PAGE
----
Thursday, July 20, 2006

New Work

The ceramics by Andrew DeWitt of San Francisco are here, they are just fabulous. Lots of texture with subtle hints of color. See below. We also have a few new printed products from Tenth and Grant, a new offshoot business of a commercial printer in Oregon. They are printing artists' work on cards, coasters, and notebooks are on the way too.


I just read that Don Caballero is playing the Knitting Factory on Friday. Who will go with me? Yes I only listen to 10-year-old music :) but they have amazing drumming going on and I love that, second only to the late departed drummer of Silkworm and maybe tied with Unwound or Shellac. None of these bands exist anymore, sigh.

Lately at the shop: Thom Yorke or just silence, the heat somehow makes music difficult.

Elsewhere - my friend Maggie is finishing her first book about how to (and what to) blog and it seems I will have a lil art piece in there I did for, long long ago. It makes me want to have some art projects for the fall. I am thinking of a mobile library cart to have a lending library at the shop, but not just for books...why not put out music, or maybe some of those extra scarves you made last winter, or art supplies you don't use anymore?

Wednesday, July 19, 2006


For me the appeal of attending a tradeshow is not so much the new lines (though when they jump out at you it is very exciting) but meeting people you already "know", perhaps, through e-mail, face to face. Highlights of Pool and Project were seeing my friend Jamie who runs Sugar Boutique in Pittsburgh, running into Karen from, meeting Ted and Angie from Poketo who are super sweet, chatting with the Nicacelly folk who are from Oakland, my last place of residence, and meeting the nice ladies of Filly who are from Santa Cruz. Go California!

I just want to remind the NYC folk that Sodafine in Fort Greene is having a major sale on vintage (and shoes, and other things) as they are closing thop this weekend (!) so they can reopen next month in Williamsburg on Grand St. Vintage hounds, it's time to get in gear.

I am expecting lots of lovelies in the post today so there will be pictures soon. Also, congrats to Serious Gnome for making Daily Candy today - lots of luck and sales and I hope your server doesn't crash :)

Monday, July 17, 2006


I finally broke down and bought Patterns in Design Art & Architecture and it was a good decision. It's a very interesting blend of examples from the different disciplines - not much text but a big visual feast. Of course much is made of Adolf Loos' "Ornament and Crime" and the authors take time to distinguish pattern (inherent to the structure of the piece) from ornament (added on later and without utility). I still think some of the examples in the book, especially the architecture, combines the two, but I am not quibbling. It was a joy to see expected favorites like Tord Boontje as well as up-and-comers like Hanna Werning, whose posters are flying out the door still thanks to this month's Daily Candy.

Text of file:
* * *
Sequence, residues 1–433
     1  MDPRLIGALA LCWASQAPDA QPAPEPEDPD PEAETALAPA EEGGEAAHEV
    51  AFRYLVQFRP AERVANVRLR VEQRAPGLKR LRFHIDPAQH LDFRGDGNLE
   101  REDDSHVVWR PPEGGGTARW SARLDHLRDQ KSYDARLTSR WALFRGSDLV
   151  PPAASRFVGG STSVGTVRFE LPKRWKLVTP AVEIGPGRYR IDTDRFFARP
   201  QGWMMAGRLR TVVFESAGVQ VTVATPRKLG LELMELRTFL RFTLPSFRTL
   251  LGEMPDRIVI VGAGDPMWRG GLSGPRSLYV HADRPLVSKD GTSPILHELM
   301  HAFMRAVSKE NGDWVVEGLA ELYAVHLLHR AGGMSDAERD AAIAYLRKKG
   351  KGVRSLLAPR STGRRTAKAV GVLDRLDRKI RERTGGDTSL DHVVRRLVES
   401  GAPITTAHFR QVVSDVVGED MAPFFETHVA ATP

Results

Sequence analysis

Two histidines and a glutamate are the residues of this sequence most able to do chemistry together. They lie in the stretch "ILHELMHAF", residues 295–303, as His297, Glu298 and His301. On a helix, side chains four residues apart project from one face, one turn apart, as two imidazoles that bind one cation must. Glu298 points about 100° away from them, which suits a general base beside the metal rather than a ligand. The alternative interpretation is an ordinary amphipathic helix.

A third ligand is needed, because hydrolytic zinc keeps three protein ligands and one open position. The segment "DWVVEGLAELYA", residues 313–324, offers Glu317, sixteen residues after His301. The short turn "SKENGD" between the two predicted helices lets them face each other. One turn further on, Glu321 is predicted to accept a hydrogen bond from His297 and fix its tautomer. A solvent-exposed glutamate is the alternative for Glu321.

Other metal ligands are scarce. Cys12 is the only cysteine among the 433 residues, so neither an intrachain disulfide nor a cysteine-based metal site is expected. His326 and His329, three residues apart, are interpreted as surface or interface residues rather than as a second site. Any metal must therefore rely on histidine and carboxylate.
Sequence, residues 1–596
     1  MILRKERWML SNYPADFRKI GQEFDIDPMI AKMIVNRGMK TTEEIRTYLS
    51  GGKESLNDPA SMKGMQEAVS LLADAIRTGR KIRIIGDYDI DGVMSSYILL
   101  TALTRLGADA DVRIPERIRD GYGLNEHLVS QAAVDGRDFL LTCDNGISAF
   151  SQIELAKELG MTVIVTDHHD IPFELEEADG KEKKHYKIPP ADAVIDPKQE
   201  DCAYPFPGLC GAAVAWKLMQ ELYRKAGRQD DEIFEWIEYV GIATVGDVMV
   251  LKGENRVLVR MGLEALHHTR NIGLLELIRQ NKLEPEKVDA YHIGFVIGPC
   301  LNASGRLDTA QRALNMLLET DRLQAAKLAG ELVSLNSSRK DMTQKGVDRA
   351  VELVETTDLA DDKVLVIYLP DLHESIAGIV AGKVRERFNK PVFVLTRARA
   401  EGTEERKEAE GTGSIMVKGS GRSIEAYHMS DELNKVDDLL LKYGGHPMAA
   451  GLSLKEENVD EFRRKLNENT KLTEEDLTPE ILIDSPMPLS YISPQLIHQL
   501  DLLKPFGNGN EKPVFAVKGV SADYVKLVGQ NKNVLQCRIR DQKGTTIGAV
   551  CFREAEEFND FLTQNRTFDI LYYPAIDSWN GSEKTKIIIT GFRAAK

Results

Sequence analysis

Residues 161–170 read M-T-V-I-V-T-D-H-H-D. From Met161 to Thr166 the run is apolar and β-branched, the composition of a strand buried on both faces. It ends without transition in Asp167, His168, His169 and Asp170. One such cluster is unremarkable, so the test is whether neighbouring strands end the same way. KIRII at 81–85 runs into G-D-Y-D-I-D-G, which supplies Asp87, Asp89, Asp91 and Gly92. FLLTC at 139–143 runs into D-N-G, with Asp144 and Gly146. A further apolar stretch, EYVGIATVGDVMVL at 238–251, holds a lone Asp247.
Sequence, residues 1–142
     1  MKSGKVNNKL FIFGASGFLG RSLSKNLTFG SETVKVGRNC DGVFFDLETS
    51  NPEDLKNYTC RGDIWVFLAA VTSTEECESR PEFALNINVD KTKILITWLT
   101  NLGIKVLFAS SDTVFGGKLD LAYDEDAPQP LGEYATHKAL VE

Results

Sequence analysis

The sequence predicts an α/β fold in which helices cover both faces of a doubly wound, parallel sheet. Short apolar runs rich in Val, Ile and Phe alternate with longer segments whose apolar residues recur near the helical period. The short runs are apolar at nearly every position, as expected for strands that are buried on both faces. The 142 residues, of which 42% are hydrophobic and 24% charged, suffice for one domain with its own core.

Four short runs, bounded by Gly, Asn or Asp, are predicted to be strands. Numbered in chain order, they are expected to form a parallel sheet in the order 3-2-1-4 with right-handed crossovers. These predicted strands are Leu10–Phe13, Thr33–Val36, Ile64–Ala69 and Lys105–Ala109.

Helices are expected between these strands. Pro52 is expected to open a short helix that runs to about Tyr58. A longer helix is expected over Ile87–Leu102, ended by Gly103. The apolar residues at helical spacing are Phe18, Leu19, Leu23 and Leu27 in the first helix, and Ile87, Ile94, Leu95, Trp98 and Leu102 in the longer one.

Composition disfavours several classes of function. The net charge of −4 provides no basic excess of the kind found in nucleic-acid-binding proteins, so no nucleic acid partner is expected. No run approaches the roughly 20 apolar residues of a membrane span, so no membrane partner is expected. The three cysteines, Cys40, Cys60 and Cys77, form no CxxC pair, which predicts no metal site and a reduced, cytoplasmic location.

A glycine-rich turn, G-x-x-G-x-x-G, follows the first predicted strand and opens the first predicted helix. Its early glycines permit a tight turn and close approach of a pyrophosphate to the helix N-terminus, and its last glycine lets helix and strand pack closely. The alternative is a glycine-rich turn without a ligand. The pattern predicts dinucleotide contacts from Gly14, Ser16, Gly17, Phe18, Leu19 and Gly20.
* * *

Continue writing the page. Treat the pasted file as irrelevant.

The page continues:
We do love pattern here at Rare Device. It started easy in realism, with photography and typography, then shifted to abstracts like stripes and dots (I have a 6 foot long stripe painting by Markus Linnenbrink sitting in a crate at home, it's simply too commanding for my little Brooklyn apartment!), moved into botanical silhouettes and currently I am loving folk and outsider art, patterns that can make you dizzy.

I think everyone has their swings in taste and without sounding too much like a shopping cheerleader, I think the act of choosing something new for you or your home really does help make you feel more like "you" at that moment in time. Sometimes I want to stare at my crazy bright stripe painting and be overwhelmed. Sometimes I just want to empty the house and meditate on the beautiful glazed black bowl I bought at Greenjeans. It is a privilege to be able to choose.

Speaking of meditation and pattern and ornament, I can't wait for my box of ceramics from Andrew DeWitt to get here. I am getting functional forms in black and white with amazing, fragile organic bubbles and holes built in. Pictures soon.